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Bill Curry, who covers finance in Ottawa, has the answer:
The short answer is six. It may turn out to be more. One would think there is an easy black and white answer to this one and yet the party leaders are offering conflicting information during this campaign. Conservative Leader Stephen Harper likes to say “We have a balanced budget.” Meanwhile NDP Leader Thomas Mulcair and Justin Trudeau often accuse Mr. Harper of running eight deficits in a row.
Let’s break it down.
The issue comes down to how much weight one gives to various budget forecasts, which are an estimate of what will happen in the future.
Federal finances operate under a fiscal year that starts April 1 and ends March 31. That means the 2014-15 fiscal year is over, but we won’t know until later this year – when the final accounting figures are released – whether that year was officially in surplus or deficit. As The Globe reported in August, those figures are expected to be released by Finance Canada during the campaign.
The most recent Conservative budget projected that the 2014-15 fiscal year will show a seventh consecutive deficit. However economists say that could turn out to be a small surplus. We should find out the answer soon.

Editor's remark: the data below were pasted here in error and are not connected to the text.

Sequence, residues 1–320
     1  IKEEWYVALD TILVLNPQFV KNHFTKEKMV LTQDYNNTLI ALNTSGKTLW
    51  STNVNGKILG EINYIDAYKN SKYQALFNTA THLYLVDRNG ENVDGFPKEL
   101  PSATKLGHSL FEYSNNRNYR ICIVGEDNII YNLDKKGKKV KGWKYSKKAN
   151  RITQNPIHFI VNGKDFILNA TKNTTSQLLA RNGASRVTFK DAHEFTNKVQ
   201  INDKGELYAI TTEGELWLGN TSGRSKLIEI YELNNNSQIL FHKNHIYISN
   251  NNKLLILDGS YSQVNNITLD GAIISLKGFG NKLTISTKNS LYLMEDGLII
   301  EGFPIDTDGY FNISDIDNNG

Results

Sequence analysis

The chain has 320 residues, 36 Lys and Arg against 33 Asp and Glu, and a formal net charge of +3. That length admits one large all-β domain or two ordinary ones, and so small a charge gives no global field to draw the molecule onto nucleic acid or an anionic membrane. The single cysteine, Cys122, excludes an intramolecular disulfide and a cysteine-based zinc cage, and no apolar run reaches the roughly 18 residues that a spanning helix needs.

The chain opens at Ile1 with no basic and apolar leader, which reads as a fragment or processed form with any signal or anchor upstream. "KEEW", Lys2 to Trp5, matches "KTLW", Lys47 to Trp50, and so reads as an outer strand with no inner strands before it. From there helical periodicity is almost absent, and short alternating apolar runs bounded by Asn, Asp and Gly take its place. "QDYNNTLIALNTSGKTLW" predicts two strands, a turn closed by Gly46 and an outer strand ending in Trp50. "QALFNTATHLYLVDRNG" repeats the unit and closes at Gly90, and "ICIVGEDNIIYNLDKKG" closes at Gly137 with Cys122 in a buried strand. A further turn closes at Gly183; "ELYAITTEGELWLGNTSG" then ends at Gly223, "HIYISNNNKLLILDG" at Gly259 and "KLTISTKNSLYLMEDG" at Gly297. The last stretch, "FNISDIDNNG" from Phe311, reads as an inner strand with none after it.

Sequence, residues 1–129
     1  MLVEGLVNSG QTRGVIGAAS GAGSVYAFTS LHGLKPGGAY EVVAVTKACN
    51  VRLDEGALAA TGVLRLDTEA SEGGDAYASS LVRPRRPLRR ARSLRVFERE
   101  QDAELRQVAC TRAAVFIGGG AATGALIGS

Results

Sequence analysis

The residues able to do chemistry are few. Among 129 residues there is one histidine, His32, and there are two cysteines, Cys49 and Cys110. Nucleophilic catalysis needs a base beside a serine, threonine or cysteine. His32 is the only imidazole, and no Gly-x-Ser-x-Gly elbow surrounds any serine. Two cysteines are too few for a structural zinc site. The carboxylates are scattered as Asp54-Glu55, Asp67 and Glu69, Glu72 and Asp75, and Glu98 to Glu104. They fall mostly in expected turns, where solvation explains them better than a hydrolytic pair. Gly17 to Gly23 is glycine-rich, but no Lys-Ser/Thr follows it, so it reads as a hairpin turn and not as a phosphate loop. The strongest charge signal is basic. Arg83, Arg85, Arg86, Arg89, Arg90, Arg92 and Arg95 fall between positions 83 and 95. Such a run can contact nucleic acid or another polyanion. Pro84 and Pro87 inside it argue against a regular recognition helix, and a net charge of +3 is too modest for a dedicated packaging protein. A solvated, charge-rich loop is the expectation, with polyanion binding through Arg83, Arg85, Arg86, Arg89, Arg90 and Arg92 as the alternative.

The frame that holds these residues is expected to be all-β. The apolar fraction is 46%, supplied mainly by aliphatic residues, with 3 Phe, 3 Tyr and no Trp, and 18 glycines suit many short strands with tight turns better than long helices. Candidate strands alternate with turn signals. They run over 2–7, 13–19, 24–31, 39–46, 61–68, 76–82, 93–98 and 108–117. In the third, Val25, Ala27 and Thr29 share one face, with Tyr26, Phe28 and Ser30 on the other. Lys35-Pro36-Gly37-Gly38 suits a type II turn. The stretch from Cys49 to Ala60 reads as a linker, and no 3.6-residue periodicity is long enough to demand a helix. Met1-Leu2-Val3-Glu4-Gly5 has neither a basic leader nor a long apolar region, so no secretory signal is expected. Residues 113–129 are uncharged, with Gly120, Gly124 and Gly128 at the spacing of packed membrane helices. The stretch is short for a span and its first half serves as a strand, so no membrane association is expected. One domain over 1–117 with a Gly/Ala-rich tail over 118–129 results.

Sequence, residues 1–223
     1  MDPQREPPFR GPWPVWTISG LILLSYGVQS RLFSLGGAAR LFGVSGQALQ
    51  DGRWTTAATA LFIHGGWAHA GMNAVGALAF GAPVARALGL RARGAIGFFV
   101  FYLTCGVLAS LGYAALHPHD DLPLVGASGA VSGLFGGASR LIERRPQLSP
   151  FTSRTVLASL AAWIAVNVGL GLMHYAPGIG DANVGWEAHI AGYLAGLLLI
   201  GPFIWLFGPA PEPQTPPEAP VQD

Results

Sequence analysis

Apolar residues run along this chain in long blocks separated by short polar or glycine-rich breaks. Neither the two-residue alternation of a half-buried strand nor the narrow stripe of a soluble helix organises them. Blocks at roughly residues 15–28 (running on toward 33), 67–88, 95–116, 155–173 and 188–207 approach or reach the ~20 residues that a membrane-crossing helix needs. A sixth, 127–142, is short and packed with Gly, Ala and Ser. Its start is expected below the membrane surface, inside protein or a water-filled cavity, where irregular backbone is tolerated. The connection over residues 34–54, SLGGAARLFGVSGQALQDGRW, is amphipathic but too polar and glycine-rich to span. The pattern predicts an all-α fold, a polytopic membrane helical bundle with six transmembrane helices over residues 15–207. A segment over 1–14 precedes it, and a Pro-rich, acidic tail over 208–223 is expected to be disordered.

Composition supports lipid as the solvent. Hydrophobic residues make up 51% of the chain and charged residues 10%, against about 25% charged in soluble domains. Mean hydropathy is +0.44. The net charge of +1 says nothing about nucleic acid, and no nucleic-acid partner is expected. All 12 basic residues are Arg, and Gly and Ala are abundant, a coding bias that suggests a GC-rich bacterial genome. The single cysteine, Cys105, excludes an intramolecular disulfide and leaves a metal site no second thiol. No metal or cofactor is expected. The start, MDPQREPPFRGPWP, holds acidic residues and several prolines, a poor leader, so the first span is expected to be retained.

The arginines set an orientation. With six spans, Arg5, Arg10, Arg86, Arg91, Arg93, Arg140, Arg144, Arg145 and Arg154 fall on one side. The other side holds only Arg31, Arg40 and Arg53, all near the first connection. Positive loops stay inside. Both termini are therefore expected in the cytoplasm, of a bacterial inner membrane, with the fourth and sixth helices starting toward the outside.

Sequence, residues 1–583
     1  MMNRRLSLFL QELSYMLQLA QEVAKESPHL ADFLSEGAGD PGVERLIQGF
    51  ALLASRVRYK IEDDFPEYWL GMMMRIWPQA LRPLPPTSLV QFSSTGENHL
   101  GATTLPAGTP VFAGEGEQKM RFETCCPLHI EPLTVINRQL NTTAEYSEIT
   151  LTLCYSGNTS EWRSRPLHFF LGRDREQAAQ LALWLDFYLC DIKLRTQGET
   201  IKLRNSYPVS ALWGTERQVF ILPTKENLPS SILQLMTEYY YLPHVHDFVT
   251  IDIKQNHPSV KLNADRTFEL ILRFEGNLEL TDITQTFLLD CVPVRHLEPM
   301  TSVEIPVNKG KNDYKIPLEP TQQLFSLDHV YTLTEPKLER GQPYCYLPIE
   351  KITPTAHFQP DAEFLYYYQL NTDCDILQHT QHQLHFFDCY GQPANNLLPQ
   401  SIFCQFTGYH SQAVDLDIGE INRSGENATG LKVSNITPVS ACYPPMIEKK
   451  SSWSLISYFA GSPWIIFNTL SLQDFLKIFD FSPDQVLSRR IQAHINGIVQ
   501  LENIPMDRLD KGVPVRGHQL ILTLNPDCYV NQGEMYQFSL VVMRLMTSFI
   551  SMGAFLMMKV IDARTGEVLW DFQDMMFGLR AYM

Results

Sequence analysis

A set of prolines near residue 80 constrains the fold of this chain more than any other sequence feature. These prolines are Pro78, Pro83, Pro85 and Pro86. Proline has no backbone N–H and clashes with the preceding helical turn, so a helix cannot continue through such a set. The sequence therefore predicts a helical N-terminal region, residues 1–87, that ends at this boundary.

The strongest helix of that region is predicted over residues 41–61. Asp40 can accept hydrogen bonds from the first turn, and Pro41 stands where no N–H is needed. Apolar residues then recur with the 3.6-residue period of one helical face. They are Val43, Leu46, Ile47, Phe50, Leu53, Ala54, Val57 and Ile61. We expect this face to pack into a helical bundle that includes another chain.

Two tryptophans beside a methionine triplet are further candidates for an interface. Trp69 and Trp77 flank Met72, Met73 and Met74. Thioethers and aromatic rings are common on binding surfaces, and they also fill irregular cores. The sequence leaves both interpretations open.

Now where does the claim of eight deficits come in?
The Conservatives promised to return to surplus in the current 2015-16 fiscal year. The April budget forecasted a $1.4-billion surplus. But the Parliamentary Budget Officer has said the year is on track for a $1-billion deficit due to slower-than-expected growth.
That means the opposition claims of eight straight budget deficits is based on six years of official results, plus the budget forecast of a seventh consecutive deficit and then the PBO’s projection that this year will also be in deficit.
Mr. Harper’s claim that the budget is balanced is based on two sources. First, the 2015 budget forecasted a balanced budget this year. Secondly, Finance Canada provides monthly updates on Ottawa’s bottom line. Over the first quarter of the fiscal year, Ottawa is running a $5-billion surplus, though the department cautions against reading too much into such early figures.
So there it is. The Conservatives have officially run six straight deficits and the projections for the next two years are too close to call as to whether they will be in surplus or deficit. There are no official final numbers to support the Conservative claim that Canada has a balanced budget, nor are there official final numbers to support opposition claims that Canada has run eight straight deficits.
Canadians are hearing contradictory statistics because party leaders are picking the forecasts that suit their political message.
Update: On Sept. 14, the federal government announced figures for the 2014-15 fiscal year that showed it had posted a surplus.